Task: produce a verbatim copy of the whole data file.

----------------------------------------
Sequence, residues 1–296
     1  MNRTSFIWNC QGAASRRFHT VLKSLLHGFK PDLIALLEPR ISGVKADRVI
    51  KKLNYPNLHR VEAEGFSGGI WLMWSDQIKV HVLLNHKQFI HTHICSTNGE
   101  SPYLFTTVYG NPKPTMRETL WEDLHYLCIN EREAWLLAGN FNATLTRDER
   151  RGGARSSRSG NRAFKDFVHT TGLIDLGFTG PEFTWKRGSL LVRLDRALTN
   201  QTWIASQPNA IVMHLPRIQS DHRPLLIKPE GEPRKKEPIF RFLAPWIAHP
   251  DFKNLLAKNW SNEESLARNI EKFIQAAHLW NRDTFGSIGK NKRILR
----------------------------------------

Sequence, residues 1–296
     1  MNRTSFIWNC QGAASRRFHT VLKSLLHGFK PDLIALLEPR ISGVKADRVI
    51  KKLNYPNLHR VEAEGFSGGI WLMWSDQIKV HVLLNHKQFI HTHICSTNGE
   101  SPYLFTTVYG NPKPTMRETL WEDLHYLCIN EREAWLLAGN FNATLTRDER
   151  RGGARSSRSG NRAFKDFVHT TGLIDLGFTG PEFTWKRGSL LVRLDRALTN
   201  QTWIASQPNA IVMHLPRIQS DHRPLLIKPE GEPRKKEPIF RFLAPWIAHP
   251  DFKNLLAKNW SNEESLARNI EKFIQAAHLW NRDTFGSIGK NKRILR